What is with CornTok? Why some nonsensical trends take off

Well … It’s CORN! It’s got the juice. 

It will always be somewhat of a mystery why some content goes viral while other content does not. (Though, you can bet your bottom dollar that salesy, corporate-speak content will NEVER go viral, let alone really resonate with real people.) 

Why do some memes become popular memes? Why are we obsessed with a silly song about corn and why one young man loves it? Why do we all want to see teenage dirtbags, 22 years after the original song was released?

When a seemingly nonsensical trend starts to take off, it fills that basic human need that Mark Schaeffer talks about in his book Marketing Rebellion: connection. People want to feel connected to one another. They want to be an insider. A cool kid. Someone in the know and down with the latest and greatest.

That’s part of TikTok’s addicting appeal – you can create a video and let others use the sound from the video, stitch it, or duet it. 

TikTok makes it possible to have a conversation with video and to use that conversation to create inside jokes. And TikTok is not the only social media platform that’s been able to do that. Twitter’s been doing it for years. 

You see these insider jokes often on Twitter with brands like Radioshack, Wendy’s, and Wingstop posting content that may offend people who are not “insiders.” These people don’t get it. They aren’t cool, they aren’t in the know, and it’s funny when the content makes them upset. 

Screenshot of a Pinned Tweet from Wingstop that says "Our 12 new chicken sandwiches are so good, they're SOLD OUT" with an emoji of a chef who is shocked. Underneath is another tweet from Wingstop  that says "fuck." The tweets have 390 comments, 1,002 retweets and 11.3k likes.
Wingstop is capitalizing on a bit of shock value to speak directly to its customers who use Twitter. An edgy tweet for an edgy platform.

So what’s the key to being an insider and capitalizing on the content that for whatever reason happens to go viral? 

First, don’t take things too seriously. You don’t need to totally understand the trend and why it’s happening in order to hop on it. Jokes are lighthearted. Don’t worry about offending someone or seeming unprofessional by sharing photos of you and your coworkers as “teenage dirtbags” or be concerned that your product doesn’t have anything to do with farming so you shouldn’t post your own CornTok.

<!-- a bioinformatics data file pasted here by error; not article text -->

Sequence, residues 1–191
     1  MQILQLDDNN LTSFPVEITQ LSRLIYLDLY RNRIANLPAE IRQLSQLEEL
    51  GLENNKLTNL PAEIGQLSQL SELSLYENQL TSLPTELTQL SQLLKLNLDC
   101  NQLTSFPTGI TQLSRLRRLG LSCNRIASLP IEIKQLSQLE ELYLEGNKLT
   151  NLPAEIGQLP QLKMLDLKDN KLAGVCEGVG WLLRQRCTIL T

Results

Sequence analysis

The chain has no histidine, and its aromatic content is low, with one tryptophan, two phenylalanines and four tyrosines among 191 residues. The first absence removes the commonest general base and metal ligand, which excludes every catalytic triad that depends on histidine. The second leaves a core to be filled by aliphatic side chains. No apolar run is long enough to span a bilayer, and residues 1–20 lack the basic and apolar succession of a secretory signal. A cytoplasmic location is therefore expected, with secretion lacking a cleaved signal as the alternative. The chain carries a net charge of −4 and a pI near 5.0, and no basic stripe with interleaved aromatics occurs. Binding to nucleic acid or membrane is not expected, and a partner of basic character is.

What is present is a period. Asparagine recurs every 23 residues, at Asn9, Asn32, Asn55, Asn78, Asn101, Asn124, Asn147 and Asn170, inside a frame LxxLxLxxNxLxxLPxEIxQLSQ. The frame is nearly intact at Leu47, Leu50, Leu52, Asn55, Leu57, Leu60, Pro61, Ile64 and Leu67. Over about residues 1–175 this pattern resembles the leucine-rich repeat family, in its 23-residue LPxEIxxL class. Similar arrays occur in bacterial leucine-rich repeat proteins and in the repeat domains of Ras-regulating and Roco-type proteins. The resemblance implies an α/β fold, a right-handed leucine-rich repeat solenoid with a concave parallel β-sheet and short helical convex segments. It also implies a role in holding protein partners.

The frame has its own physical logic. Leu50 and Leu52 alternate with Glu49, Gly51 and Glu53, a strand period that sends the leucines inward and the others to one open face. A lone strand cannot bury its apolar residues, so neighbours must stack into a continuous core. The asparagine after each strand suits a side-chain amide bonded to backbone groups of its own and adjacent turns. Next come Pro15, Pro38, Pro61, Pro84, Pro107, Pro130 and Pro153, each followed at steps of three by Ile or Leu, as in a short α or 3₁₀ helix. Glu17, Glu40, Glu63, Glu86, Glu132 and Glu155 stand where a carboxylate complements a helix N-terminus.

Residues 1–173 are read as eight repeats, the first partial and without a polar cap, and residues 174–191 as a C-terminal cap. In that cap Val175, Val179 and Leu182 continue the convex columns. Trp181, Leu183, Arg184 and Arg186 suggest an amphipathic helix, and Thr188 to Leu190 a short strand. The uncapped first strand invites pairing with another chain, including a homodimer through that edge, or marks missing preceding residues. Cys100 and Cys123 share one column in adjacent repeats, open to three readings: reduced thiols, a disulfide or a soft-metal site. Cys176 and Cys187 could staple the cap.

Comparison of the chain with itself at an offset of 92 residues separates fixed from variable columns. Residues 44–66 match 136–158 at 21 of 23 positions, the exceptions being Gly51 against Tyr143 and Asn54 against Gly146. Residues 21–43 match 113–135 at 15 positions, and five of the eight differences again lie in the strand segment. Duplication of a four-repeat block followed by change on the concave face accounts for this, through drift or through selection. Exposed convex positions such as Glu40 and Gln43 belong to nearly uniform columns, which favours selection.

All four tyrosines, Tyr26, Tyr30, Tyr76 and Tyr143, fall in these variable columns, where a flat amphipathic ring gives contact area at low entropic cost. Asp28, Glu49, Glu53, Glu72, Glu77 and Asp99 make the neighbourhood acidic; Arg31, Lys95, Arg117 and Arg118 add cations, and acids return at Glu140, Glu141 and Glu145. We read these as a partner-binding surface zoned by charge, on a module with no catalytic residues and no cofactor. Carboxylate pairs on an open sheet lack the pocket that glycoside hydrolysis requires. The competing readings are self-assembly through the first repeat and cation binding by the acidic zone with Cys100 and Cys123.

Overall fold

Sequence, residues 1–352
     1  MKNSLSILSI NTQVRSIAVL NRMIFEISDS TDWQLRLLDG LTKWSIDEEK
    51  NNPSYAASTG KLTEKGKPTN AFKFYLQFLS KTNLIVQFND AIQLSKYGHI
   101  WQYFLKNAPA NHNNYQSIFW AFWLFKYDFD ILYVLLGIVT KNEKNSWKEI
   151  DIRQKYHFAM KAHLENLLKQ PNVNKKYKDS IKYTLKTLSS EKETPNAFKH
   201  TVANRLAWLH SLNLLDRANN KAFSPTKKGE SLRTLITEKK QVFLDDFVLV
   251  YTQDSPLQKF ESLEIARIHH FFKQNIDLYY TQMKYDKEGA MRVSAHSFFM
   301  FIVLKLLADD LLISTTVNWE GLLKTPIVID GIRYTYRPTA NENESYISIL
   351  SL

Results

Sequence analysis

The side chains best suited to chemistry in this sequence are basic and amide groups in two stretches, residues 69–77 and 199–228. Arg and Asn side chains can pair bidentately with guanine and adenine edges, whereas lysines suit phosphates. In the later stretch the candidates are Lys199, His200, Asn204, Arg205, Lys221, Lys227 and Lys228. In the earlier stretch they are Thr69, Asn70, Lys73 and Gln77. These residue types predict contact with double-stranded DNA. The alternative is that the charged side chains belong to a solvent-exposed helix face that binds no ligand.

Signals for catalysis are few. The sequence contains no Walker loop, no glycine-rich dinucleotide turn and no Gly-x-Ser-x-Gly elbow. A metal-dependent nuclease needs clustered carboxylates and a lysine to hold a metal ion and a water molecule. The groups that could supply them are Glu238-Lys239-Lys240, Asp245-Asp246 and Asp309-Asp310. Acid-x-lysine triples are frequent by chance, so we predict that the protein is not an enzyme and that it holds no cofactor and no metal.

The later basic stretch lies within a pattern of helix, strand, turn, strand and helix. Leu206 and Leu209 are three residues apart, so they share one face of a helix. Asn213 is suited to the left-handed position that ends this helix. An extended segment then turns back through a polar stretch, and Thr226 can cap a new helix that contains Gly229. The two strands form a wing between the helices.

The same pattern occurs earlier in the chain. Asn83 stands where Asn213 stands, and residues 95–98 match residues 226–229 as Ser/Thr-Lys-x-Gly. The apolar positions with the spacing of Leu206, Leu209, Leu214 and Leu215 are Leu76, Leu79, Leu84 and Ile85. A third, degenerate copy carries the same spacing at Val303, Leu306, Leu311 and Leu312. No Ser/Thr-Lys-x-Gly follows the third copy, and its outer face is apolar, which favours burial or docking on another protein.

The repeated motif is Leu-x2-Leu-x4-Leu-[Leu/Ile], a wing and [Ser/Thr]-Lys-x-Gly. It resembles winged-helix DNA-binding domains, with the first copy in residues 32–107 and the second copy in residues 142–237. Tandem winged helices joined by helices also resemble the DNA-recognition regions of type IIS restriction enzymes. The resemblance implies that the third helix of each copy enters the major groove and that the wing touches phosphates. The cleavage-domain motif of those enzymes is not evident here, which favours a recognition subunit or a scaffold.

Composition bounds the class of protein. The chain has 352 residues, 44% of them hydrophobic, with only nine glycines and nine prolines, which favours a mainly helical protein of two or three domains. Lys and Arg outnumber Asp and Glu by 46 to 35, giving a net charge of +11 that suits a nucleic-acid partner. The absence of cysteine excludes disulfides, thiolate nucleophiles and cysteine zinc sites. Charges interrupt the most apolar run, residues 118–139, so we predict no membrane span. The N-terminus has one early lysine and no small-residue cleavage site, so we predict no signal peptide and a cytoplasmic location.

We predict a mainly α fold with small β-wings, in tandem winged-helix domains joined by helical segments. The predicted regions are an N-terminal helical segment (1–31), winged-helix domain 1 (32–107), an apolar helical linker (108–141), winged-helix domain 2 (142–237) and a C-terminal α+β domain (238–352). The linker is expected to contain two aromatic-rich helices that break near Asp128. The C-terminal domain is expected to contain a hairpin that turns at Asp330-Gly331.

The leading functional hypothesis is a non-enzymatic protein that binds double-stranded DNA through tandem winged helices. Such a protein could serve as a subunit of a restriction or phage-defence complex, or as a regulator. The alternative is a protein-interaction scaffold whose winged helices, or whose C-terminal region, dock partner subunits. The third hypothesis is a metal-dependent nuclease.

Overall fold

Second, hop on it early. As soon as you see two or more videos, why not come up with a concept and adapt the trend for yourself. Learn that dance, do that challenge, or stitch that video. Trends are fleeting, but have major power when you act quickly. Waiting two weeks to hop on means you’ve already missed the boat. 

Wendy's tweeted an image of a blue "little miss" character who has red pigtails, similar to their logo, who is smirking to herself and the text above her reads "Little Miss Chronically Online Corporation"
Wendy’s hopped on the Little Miss trend but didn’t try to talk about their product. They poked fun at themselves and how hard their social media team works.

Finally, don’t be salesy. Trends are not the time to try and push your product. Be creative in your video and try to make it fit your industry to some degree, but don’t use it as a time to replace the words to the CornTok song with features of your product. People will skip it. Only hop on those trends that you genuinely enjoy and think your friends would enjoy, too. Trends are more effective when you use them to showcase your personality and values, not the benefits of your product or service. 

A word of caution – not every trend is for every person or company. If you truly don’t get a trend, don’t hop on it. If you don’t think it fits your values, don’t waste your time trying to make something that will miss the mark. 

Be creative, have fun with it, and enjoy the ride. And remember, when you try it with butter, everything will change. 

Thanks for reading! If you enjoyed this post, please give it a thumbs up. My next post will probably be about TikTok and how to create engaging video content there … would you want to read that? Let me know! 

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